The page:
When Ferdinand Marcos declared martial law in 1972, he was the first Philippine president who announced he would get rid of the oligarchs. By this he meant “old rich” families, some of which were also in politics but were not aligned with him. The problem was, he soon replaced them with his own “cronies” who then became the new breed of “oligarchs,” by his own definition.
But like him, they fled the country when he was overthrown by People Power in 1986. Later, some of them returned and managed to rehabilitate themselves and get reassimilated in Philippine society, known only as former Marcos cronies.
Very recently, President Duterte resurrected the term “oligarchy” in a speech before the military. He claimed that he had succeeded in dismantling the present oligarchy which controlled the Philippine economy, without resorting to martial law, implying he had done one better than Marcos.
Many people found this sweeping statement difficult to comprehend. Who were these oligarchs that were “dismantled”? If he was referring to the family who owned ABS-CBN (whose franchise renewal was denied), it was a stretch to believe they had controlled our country’s economy. And as far as people can see, the country’s big business tycoons and taipans are still doing business and presumably prospering.
To be fair, one can hardly describe them as running the country. In fact, they make sure they stay in the good graces of those who run the country. Otherwise they could easily go the way of ABS-CBN.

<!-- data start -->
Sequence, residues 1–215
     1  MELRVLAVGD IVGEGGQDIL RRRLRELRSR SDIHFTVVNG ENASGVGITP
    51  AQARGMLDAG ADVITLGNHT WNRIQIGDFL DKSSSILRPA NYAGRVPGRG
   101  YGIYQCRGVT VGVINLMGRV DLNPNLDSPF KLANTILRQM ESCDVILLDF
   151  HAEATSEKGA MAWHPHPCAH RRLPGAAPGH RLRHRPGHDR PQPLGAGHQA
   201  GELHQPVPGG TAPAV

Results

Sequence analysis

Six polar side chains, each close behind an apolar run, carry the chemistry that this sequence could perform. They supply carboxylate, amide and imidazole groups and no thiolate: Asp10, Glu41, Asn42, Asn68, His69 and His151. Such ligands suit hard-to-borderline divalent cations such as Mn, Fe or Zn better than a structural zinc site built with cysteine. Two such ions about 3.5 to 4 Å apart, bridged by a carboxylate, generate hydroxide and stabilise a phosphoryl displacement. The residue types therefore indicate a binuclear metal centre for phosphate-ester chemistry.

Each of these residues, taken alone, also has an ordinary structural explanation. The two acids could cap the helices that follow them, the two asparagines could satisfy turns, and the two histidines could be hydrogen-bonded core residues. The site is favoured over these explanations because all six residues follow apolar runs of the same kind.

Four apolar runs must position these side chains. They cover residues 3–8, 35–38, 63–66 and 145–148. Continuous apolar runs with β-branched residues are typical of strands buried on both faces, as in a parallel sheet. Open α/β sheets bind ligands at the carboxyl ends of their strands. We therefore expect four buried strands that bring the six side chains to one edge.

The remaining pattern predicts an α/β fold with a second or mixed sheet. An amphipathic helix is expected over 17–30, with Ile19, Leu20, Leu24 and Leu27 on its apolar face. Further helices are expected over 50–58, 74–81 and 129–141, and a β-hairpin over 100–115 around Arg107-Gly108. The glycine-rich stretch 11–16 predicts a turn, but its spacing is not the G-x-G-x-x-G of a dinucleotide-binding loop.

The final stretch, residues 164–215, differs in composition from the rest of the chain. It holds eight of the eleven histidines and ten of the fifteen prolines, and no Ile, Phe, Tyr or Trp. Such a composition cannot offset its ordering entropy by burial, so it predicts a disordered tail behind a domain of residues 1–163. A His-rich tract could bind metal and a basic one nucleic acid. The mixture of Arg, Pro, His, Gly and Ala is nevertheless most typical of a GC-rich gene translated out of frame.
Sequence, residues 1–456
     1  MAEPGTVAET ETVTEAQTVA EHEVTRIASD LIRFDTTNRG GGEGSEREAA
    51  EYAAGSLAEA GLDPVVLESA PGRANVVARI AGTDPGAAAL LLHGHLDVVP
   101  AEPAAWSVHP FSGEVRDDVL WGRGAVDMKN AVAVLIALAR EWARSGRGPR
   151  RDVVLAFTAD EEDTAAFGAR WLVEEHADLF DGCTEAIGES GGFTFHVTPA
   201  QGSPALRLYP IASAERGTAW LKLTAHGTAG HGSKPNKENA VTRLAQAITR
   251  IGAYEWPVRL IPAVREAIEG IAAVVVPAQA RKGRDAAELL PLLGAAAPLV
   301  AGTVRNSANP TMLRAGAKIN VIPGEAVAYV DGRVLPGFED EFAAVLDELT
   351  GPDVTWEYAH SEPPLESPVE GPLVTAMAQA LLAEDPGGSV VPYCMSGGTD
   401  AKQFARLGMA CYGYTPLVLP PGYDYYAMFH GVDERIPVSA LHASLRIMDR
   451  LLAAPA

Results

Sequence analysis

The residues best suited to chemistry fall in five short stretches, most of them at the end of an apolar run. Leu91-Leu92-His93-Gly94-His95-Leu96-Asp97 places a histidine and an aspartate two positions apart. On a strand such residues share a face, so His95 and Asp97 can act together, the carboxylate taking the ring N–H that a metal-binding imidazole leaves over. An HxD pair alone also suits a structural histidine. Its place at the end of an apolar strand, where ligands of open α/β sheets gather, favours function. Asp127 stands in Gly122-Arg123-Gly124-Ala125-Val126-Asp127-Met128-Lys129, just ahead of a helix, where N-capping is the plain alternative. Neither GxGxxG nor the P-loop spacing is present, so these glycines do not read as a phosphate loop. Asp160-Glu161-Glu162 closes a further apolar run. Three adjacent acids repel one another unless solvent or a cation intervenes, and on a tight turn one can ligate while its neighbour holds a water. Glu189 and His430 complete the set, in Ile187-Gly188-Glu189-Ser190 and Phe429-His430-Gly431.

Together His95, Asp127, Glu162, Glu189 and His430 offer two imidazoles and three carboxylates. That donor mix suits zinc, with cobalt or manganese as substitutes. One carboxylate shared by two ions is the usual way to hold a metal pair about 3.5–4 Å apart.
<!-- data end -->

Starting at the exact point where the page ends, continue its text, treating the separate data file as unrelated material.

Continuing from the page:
In truth, the ones who come closest to being the true oligarchs are the political families who have perennially lorded it over certain regions, provinces, cities and towns of the Philippines.
This is our homegrown brand of what I call “fragmented oligarchy” (or alternatively, “localized oligarchy”). Several family members simultaneously or sequentially hold elective positions in their respective turfs. The father, the wife, a son, a daughter could be the governor, the congressman, the mayor or some other official at any one time. They could also trade places or put in a trusted lieutenant when their term limits are up. Sometimes, two longstanding rival families compete for dominance from election to election.
Because most of our people are poor, many of whom are “informal settlers,” these so-called family dynasties perpetuate themselves through various forms of patronage, perks, benefits and name recall, especially during elections. National candidates woo them to win in their areas, resulting in temporary symbiotic alliances. Even if their chosen national aspirants lose, they usually manage to remain in control in their bailiwicks, and they outlast successive administrations.
No one can say that their virtually indefinite “musical chairs” tenures in the available elective positions are unjustifiable, because they do get the vote. But hardly any equally or better qualified outsider ever gets to win.
This is our unique, homegrown brand of oligarchy, not the so-called oligarchy of big business. In these times, big businessmen are very careful not to run afoul of the powers that be, lest they be banished into oblivion. —CONTRIBUTED